A few weeks ago I was on Capitol Hill at an event sponsored by the Lexington Institute discussing the growing role of the National Guard in protecting the nation's critical infrastructure from cyberattacks -- specifically the electric power grid. Risks to US critical infrastructures are growing significantly; the Department of Homeland Security reported a seven-fold increase in cyber incidents on critical infrastructures between 2010 and 2015.
The ability to reliably generate and deliver electric power is foundational to modern civilization, and it is taken for granted by most of us. It is hard to imagine a more important function on which every individual, and the whole nation, depends. Those charged with the responsibility of protecting our critical infrastructures face great challenges. The electric power grid is highly distributed, with nearly 5,000 different entities of widely varying size and capacity generating and/or distributing energy.
Historically, the greatest threats to the reliable generation and delivery of energy were environmental such as major storms and natural disasters, but this is changing. Some portions of the grid are particularly vulnerable to physical attack. More significantly, the grid is the subject of increasing cyber penetrations and outright attacks. Last December, a relatively simple cyberattack on a portion of the Ukrainian power grid disrupted power to hundreds of thousands of customers.
A Growing Challenge
While there is general federal oversight and regulation of the electric power industry, most of the governance, regulation, and protection of the individual entities and their assets occur at the state and local level. Major technological and organizational changes -- notably the rise of distributed energy resources, the advent of the smart grid, and the creation of micro grids -- are changing the industry, adding more players and points of entry into the system. These changes are also increasing the difficulty of protecting the grid.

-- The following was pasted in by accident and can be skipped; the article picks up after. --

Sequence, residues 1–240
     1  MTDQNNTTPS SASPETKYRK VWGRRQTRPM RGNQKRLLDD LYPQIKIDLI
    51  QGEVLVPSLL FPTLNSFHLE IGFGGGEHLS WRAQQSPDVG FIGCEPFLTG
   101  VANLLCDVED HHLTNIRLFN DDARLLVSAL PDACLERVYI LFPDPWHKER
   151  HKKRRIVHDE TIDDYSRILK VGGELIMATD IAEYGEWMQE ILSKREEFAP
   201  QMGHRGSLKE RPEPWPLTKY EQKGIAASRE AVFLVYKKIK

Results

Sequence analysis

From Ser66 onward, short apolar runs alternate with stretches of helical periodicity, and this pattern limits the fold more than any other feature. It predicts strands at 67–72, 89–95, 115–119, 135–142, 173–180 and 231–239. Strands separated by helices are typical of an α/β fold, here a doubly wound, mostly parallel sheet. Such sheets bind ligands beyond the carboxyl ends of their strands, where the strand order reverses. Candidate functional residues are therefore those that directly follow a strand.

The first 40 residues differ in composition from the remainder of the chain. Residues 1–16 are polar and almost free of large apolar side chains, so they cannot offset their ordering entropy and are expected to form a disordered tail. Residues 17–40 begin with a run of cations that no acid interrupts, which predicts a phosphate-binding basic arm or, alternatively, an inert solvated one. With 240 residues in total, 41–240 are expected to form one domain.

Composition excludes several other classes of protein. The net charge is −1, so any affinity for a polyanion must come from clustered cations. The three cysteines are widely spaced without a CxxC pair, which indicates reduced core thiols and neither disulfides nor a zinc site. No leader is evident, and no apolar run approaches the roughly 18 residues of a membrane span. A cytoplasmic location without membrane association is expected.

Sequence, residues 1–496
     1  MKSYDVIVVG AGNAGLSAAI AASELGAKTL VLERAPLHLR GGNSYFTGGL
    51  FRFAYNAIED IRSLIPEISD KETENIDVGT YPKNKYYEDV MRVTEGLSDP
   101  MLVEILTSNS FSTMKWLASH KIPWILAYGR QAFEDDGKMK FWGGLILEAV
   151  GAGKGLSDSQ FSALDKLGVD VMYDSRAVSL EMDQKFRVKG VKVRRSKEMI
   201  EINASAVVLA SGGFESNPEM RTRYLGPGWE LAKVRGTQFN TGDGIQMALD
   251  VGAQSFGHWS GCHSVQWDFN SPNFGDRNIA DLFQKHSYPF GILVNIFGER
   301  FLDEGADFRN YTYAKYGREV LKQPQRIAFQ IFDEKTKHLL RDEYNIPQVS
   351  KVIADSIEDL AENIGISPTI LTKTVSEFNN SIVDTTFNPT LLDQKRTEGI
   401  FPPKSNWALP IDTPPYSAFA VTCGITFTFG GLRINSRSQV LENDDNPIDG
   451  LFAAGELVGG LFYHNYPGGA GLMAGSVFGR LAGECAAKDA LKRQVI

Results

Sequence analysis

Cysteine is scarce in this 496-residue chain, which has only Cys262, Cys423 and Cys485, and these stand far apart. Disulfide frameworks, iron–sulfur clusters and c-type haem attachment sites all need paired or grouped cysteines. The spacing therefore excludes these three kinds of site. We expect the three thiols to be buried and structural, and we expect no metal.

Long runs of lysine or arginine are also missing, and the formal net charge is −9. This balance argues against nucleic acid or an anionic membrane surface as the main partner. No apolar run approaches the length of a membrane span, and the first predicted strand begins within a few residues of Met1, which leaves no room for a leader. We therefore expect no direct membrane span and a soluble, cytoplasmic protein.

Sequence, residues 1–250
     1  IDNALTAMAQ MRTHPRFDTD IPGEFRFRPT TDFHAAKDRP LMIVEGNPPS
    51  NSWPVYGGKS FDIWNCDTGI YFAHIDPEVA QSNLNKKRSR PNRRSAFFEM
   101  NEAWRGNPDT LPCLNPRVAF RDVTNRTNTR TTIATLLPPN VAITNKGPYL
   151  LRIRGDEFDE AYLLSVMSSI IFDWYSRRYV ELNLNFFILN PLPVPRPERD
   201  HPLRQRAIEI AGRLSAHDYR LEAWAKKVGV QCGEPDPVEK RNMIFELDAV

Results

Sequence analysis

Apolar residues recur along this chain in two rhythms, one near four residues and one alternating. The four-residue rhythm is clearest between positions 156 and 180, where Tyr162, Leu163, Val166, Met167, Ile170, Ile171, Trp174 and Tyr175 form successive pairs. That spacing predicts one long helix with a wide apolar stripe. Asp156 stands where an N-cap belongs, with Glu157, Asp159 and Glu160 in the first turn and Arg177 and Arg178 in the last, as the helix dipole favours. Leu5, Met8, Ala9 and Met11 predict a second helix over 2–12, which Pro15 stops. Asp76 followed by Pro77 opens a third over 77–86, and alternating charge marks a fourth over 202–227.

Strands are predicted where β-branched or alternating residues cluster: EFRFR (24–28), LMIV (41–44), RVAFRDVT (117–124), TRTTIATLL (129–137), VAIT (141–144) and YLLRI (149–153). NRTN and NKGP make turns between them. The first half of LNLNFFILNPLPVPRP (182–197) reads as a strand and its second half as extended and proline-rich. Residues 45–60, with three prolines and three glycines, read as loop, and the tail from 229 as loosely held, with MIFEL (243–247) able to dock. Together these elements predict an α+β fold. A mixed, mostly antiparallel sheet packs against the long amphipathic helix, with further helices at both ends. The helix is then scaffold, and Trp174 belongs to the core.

At the Lexington Institute event, I learned that the National Guard is uniquely positioned, in terms of authorities, responsibilities, and capabilities, to support the ongoing defense of the nation against such threats. The National Guard is state-based and able to respond across both state and federal lines of authority. Moreover, because they are embedded in their communities, National Guard units are particularly well suited to understanding and responding to local situations.
Quietly and without much public recognition, the National Guard has been developing a sophisticated capability for cyberdefense. In addition to meeting their defined requirements to support the active duty military, individual Guard units are shaping unique capabilities and operational concepts that reflect the specific conditions and needs of their states. Guard cyber units in California, Maryland, Wisconsin, and Washington, for example, have established collaborative relationships with local utilities. In some instances, Guard units and utilities have conducted joint exercises. Since no two states or utilities are exactly alike, this one-on-one collaboration is particularly important. It is also an approach well suited to the organization and operation of the National Guard.
With 54 states and territories, there is a real value to the National Guard as a laboratory for experimenting on ways to protect public and private infrastructure. Whether providing risk assessments, creating cyber centers of excellence, or collaborating with local companies on security training, the National Guard is always ready and always there.